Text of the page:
piece, that taking care of ourselves is the best defense.” Kapowich said she has visited hospitals and clinics to try to get better rates this year. “We went out to say, ‘Listen, we’re the state, we’re teachers, so we don’t have any money, and you know that, and you know (that if you raise rates) then it eventually goes back to the taxpayers,’ ”she said. “ ‘There’s a point at which I know you like your income to keep increasing like it has, but it can’t happen.’ ” “We’re not a bottomless pit, and so I think it took awhile for the community as a whole to realize they can’t keep getting these rate increases.” But that might not be enough to keep education officials around the state from wanting out. This year Wilkinson advocated for legislation that would allow school districts to opt out of OEBB. The proposal received several hearings but never moved forward. “(OEBB) wiped out any sense of free-market competition in the insurance industry by forcing us into this one pool,” Wilkinson said. “They’re trying to make

asking contacts around the state if they know of anyone. He also plans to publicly advertise the opening. If Golden does not find a suitable replacement, he is willing to hire an interim principal and conduct a longer search next year, he said. “We’ll look for a real instructional leader who will really be an expert in instructional technique … and who will continue to improve our academic achievement,” Golden said. Patrick Cliff can be reached at 541-633-2161 or at pcliff@bendbulletin.com.

changes to the plans, and I think they will continue to do that. But it still limits us in terms of our choices on how to approach insurance, and it prevents any opportunity for open bidding.” If the lifetime membership requirement were lifted from OEBB, Buckles said COCC would consider leaving. “But along with that, you’d have to look at whatever providers we have out there and what their rates are and whether it’s comparable coverage,” he said. For Kapowich, letting districts and colleges in and out of OEBB as they see fit is not the answer. “When that group has a bad claims experience, then they often want to come back into the pool,” she said. “It sort of means you get a good deal when it works for you and you leave when it doesn’t work for you.” While rates have fluctuated more than expected, Kapowich said there are other benefits to being part of OEBB. “With a collective buying power of 50,000 people and their dependents, with that bigger number, they truly do listen in terms of doing systematic changes,” she said. “Most individual districts wouldn’t have someone out there advocating for some of those clinical things.” Sheila G. Miller can be reached at 541-617-7831 or at smiller@bendbulletin.com.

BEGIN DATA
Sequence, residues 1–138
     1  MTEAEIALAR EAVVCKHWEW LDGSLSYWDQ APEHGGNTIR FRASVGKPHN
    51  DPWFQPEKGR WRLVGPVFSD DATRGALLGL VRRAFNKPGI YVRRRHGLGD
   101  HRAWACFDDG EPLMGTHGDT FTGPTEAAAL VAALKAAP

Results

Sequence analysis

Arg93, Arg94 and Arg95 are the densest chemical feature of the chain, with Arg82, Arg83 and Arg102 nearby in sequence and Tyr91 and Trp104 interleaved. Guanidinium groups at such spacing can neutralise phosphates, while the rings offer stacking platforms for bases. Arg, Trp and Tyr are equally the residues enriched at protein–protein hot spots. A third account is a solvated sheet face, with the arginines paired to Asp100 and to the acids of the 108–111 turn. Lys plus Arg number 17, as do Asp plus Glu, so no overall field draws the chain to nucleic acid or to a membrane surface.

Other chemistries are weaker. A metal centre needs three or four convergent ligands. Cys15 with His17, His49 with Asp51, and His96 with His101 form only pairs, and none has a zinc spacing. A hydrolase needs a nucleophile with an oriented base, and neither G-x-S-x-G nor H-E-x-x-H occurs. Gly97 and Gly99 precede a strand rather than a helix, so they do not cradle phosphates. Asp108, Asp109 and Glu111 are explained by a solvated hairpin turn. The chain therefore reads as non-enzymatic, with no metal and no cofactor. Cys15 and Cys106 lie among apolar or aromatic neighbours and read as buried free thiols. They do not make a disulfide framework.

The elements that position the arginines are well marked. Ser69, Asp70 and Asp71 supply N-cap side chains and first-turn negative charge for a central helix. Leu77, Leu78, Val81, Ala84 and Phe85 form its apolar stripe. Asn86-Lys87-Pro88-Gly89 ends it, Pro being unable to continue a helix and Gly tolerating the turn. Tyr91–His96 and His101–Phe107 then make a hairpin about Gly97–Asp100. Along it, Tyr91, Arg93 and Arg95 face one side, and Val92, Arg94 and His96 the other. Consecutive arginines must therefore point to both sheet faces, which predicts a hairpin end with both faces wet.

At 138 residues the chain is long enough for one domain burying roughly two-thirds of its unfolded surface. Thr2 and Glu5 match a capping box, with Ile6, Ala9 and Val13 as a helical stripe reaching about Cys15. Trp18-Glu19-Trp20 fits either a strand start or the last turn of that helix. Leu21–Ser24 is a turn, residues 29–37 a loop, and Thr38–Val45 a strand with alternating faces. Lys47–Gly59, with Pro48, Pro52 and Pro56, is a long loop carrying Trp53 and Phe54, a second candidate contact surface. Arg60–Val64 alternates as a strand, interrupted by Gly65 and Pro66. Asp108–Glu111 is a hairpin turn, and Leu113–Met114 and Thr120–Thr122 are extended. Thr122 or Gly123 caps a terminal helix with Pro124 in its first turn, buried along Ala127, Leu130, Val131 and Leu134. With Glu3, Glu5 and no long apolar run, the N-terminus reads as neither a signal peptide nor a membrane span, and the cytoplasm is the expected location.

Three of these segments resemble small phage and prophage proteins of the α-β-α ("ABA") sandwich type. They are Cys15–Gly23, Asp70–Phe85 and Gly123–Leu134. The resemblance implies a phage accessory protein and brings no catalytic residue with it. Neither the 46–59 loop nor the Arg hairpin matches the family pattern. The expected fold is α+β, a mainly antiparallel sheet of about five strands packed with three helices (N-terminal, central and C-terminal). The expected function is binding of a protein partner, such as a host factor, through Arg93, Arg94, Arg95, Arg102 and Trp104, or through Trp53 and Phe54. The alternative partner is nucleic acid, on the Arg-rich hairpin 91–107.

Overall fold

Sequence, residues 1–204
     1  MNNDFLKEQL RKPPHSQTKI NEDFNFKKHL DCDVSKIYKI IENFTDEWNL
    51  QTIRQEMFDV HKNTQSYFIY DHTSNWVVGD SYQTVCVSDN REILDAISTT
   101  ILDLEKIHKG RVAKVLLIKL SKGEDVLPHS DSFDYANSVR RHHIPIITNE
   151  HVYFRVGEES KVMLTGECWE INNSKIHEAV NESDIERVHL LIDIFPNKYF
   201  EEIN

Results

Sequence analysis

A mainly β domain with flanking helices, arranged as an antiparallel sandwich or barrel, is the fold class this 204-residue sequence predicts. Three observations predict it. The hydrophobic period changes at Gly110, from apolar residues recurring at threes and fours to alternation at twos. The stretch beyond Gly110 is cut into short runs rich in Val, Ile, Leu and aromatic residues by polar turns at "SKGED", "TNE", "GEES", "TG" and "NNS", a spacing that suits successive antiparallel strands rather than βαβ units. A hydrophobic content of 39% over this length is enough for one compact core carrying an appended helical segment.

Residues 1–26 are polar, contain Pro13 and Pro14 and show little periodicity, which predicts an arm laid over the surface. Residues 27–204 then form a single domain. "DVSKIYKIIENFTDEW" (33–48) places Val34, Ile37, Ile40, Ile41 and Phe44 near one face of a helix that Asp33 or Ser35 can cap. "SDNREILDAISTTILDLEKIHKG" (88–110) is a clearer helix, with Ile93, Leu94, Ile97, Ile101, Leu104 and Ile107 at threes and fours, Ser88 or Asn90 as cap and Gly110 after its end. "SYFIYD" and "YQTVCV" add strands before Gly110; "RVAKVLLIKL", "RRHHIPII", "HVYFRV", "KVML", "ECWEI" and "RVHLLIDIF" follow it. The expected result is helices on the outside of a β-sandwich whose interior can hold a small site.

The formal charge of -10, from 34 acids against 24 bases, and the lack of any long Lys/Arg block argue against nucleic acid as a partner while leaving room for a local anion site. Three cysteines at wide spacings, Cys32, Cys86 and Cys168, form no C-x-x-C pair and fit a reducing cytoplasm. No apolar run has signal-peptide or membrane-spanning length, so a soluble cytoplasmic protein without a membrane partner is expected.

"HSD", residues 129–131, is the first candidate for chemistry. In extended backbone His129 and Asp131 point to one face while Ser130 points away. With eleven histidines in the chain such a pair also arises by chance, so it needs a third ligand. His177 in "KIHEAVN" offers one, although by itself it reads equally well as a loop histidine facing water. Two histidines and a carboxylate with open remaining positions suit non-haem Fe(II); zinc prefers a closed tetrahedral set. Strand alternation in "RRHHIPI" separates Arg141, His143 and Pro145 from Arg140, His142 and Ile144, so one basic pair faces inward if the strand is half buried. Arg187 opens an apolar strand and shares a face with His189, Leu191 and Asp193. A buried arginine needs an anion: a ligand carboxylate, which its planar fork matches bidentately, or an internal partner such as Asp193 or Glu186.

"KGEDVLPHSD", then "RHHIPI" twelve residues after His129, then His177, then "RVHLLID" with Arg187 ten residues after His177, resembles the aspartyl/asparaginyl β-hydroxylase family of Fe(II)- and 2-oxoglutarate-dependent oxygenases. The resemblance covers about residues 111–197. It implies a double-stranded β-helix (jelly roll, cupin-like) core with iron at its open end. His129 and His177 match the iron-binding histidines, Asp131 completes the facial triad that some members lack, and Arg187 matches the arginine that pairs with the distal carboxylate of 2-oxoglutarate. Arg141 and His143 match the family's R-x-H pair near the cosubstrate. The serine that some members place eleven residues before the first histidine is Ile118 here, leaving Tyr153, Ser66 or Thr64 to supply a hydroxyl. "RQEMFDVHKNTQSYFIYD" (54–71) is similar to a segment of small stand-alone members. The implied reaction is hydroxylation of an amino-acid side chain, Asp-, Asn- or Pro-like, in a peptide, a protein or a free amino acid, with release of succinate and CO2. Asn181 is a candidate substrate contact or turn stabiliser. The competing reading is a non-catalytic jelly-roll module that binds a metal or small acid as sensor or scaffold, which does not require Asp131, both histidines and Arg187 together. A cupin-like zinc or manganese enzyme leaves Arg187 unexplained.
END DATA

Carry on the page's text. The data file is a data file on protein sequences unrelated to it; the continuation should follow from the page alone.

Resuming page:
The roadways of Bend have reached a dire situation. Traffic congestion, unsafe intersections and deteriorating roadways are placing the citizens of Bend at risk and negatively impacting the desirability of our community. The recession has impacted cities across the country, and Bend has been especially hard hit. There is not enough money in the City of Bend’s budget to fix all of the urgent roadway issues. Measure 9-83 will generate $30 million to finance Bend’s priority road improvements and help create local jobs.

Better Roads for Bend Endorsements (as of May 2, 2011)

VOTE YES Organizations Agere Pharmaceuticals Balanced Solutions, Inc. BendBroadband Bend Business PAC Bend Chamber of Commerce Bend-LaPine School District Brooks Resources Corporation Cascade Business News Central Oregon Association of Realtors® (COAR) Central Oregon Builders Association (COBA) Combined Communications Commute Options Economic Development for Central Oregon (EDCO) Environmental Center Pahlisch Homes Pepsi Bend, LLC

Roats Water System High Desert Bank West Bend Realty Co.

Individuals Abernathy, Bruce Bankofier, Joe Beardsley, William Benson, Susan Berge, John Brell, Bob Bryant, Neil and Mary Christoff, Peter and Dara Cushman, Greg Davis, Gary and Cheryl Frick, Kyle Gibson, Frank and Sue Gifford, Greg and Jan Green, Tom and Lee Hilgersom, Karin Hollern, Mike and Sue Howard, Cheryl Keene, Miriam Kelleher, Don

Kesgard, Rene Kozimor, Jeff and Carol Loveland, Daryl and Nan Louke, Henry and LauraKay Lovely, Mike Mingus, Brenda Nelson, Charles Reinecke, Mark Robson, Scott Slape, George and Conni Smith, Craig Smith, Sharon Taylor, Paul and Nancy Teater, Oran and Jane Thomas, Bob and Cella Triplett, Tom Turek, Sandra and Frank Tykeson, Amy Upham, Jerry Walkey, Cliff and Shirley Walsh, Greg White, Robin Willson, M.A. Wuepper, Kyle and Sarah


W E AT H ER

C8 Saturday, May 14, 2011 • THE BULLETIN

THE BULLETIN WEATHER FORECAST

Maps and national forecast provided by Weather Central LP ©2011.

TODAY, MAY 14

SUNDAY

Today: Mostly cloudy, rain showers.

Ben Burkel

Bob Shaw

FORECASTS: LOCAL

HIGH

LOW

70

39

STATE Western Ruggs

Condon

Maupin

Government Camp

72/47

69/45

72/48

52/34



Madras  Mitchell 73/41

71/44

Camp Sherman 65/36 Redmond Prineville 70/39 Cascadia 72/40 69/50 Sisters 68/38 Bend Post 70/39

Oakridge Elk Lake 67/48

67/35

68/37

68/35

Hampton

Crescent

Crescent Lake

66/34

65/36

Fort Rock 69/37

61/29

Chemult



66/33

Vancouver Calgary



61/49





Redding

75/42

Helena Bend





Elko

68/48

72/40



Idaho Falls 77/45

76/45

Showers and a few thun- San Francisco 59/50 derstorms today. Showers  tonight.

49/24



82/52

Reno

64/36

64/42

Boise

70/39

69/38

Crater Lake

City

Missoula

Portland Eugene Showers and a few thun62/45 derstorms today. Showers Grants Pass tonight. 66/43 Eastern

65/40

 Salt Lake City 74/52

Yesterday Hi/Lo/Pcp

HIGH

LOW

Last

New

First

May 17 May 24 June 1

June 8

Saturday Hi/Lo/W